How Can We Benefit from Changing Work Habits?
It’s hard to know for certain what the U.S. economy will look like in 10 years’ time, much less what the work day will look like. One thing we do know: As younger generations enter the workforce, they will bring new habits, technology, conventions, and expectations that will likely transform business and government.
With the rise of the “gig economy,” (that is, the rise of independent contractors who work on a task-by-task basis) younger generations already expect a certain amount of freedom and autonomy in their careers. And that’s probably a reasonable expectation, given that they walk around with supercomputers in their pockets, just a click or voice command away from talking with anyone – or controlling equipment – at any time.
Just as millennials eschew traditionally wired conventions, such as cable TV and fixed phone lines, but embrace the sharing economy, such as ridesharing, and open work spaces, the next generation of workers may not value the same things that people want today. They may not be motivated by a base salary, corner office, or a lofty title.
Businesses may also want to provide customized work experiences for their employees in the not-too distant future. Instead of an email notification for an upcoming meeting, an intelligent digital assistant may remind an employee of the meeting and automatically book transportation to the meeting based on the individual’s schedule, traffic conditions, and so on. While this already exists, the scope will be greatly expanded.
Gamification strategies could play a key part in helping businesses better understand what drives its employees. When we talk about gamification, we’re not talking about turning everyday tasks into cartoonish video games, but rather figuring out how to keep employees engaged. This includes setting up structures that allow them to compete against themselves or others (individually or in teams) in the completion of certain tasks or training exercises. They will likely use open spaces and Internet of Things (IoT) with wearables, augmented reality, and in-the-room sensors to collect data. The outcomes or effectiveness will be measured and communicated in real time using analytics employing massive amounts of data from both inside and outside the organization, all stored in the cloud. JPL has already tested this with scientists and operators navigating the Mars rovers, and it has proved to be very effective.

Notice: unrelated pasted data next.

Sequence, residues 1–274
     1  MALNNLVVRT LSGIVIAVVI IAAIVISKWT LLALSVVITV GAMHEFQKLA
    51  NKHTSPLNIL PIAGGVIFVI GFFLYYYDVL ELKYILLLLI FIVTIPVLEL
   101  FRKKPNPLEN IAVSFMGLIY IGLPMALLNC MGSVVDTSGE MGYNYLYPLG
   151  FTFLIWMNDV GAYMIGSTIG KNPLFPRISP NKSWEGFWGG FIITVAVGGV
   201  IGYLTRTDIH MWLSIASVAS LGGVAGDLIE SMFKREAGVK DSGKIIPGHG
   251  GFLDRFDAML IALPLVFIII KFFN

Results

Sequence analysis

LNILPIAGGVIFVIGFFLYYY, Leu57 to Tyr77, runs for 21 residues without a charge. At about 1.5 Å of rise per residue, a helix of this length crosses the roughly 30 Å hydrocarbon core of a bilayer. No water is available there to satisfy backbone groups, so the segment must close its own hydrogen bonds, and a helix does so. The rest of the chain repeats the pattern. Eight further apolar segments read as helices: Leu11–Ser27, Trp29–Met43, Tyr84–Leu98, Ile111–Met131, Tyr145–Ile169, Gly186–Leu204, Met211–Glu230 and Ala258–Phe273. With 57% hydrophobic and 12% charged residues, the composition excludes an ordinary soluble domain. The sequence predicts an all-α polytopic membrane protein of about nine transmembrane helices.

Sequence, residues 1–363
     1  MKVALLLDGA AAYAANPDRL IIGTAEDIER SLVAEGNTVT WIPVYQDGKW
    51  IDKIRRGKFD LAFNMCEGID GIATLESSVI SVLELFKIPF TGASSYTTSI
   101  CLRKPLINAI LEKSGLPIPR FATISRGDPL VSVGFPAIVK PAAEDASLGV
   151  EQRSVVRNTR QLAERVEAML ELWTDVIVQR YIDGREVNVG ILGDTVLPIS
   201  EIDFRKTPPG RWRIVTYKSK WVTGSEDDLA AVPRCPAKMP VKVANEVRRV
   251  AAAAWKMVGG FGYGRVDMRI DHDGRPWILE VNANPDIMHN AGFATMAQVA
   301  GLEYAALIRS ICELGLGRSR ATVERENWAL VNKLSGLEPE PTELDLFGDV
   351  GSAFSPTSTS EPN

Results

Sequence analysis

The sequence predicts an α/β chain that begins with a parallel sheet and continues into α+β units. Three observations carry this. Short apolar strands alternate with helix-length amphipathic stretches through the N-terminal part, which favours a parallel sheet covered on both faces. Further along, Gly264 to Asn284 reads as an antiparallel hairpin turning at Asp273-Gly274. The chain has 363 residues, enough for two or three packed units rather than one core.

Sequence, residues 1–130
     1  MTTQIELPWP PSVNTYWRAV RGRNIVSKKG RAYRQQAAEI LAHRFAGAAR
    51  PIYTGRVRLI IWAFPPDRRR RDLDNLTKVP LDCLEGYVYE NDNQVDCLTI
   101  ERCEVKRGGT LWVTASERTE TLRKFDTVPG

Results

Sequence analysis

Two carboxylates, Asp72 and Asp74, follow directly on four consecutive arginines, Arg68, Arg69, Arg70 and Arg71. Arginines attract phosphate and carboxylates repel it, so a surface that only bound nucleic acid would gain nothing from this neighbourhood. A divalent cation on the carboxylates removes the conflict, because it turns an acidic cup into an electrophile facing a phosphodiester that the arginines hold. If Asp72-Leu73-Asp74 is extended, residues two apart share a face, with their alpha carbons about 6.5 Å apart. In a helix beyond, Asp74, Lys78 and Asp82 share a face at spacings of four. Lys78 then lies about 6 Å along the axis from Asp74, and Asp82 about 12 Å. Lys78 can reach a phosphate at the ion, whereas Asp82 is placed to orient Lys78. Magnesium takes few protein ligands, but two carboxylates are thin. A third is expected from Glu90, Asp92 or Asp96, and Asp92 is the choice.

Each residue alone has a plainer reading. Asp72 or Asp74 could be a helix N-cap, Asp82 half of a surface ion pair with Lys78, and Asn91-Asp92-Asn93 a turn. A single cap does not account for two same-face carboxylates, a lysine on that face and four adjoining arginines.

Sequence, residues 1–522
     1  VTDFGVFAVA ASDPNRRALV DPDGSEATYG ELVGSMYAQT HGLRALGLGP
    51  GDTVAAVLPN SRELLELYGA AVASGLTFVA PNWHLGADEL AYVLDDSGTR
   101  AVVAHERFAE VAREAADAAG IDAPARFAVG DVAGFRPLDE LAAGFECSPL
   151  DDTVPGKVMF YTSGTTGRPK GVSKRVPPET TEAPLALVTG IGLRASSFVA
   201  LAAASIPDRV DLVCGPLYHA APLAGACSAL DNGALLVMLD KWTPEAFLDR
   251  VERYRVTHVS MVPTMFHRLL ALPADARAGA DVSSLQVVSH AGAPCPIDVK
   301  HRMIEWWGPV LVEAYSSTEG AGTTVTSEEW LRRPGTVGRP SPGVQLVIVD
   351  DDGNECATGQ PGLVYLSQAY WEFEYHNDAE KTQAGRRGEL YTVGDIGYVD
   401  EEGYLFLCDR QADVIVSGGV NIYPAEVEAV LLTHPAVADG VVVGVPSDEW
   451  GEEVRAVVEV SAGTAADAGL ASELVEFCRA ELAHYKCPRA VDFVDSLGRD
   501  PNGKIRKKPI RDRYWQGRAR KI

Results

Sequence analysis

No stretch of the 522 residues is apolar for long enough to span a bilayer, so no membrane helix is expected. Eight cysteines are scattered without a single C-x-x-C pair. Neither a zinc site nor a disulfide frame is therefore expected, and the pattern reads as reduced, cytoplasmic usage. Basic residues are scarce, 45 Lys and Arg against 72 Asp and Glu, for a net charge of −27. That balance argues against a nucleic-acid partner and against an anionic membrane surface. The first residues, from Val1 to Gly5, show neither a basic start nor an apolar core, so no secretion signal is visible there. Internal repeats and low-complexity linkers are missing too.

At JPL, we’re trying to meet the changing needs of the business by benefitting from these trends. For example, to quickly and inexpensively help solve a problem of finding parking at JPL, we held a month-long hackathon where teams of interns created prototype mobile phone solutions. There were two winning teams and their ideas were incorporated into a mobile solution now used every day by JPLers. As you approach JPL, your mobile phone will speak and tell you where there is parking available. You can also look at historical data to know what time to leave home or when to go to lunch so you can find parking when you arrive. The data is also used to predict parking during public events.
Other examples include interacting with intelligent digital assistants for many things, including finding conference rooms, hearing what’s happing on Mars, or when the International Space Station will be overhead.
As we approach what will likely be a rich and exciting decade, the most important thing organizations can do right now is lay the groundwork for change in two areas.
Technologically speaking, that means embracing cloud computing, IoT, and the wireless network improvement waves that are rapidly approaching. In particular, serverless computing is cost-effective and it allows organizations to innovate and to experiment with things like artificial intelligence or augmented reality. Edge computing allows business to employ these capabilities at huge scale and speed, which will further solidify the real time gamification and wireless communication future that our next generation will expect.
Humanologically speaking (yes, I know that’s not a word, but perhaps it should be), we can set up innovation labs and experiment in our own environments to quickly decide what to abandon and where to double down. From our experience so far, you will find willing participants in the new workforce and experiments in a safe, protected environment will serve as training opportunities and quickly evolve to produce lasting positive outcomes. And, in case you wonder, yes, it’s fun.
Tom Soderstrom is the IT Chief Technology and Innovation Officer at the Jet Propulsion Laboratory (JPL). He leads a collaborative, practical, and hands-on approach with JPL and industry to investigate and rapidly infuse emerging IT technology trends that are relevant to JPL, NASA, and enterprises.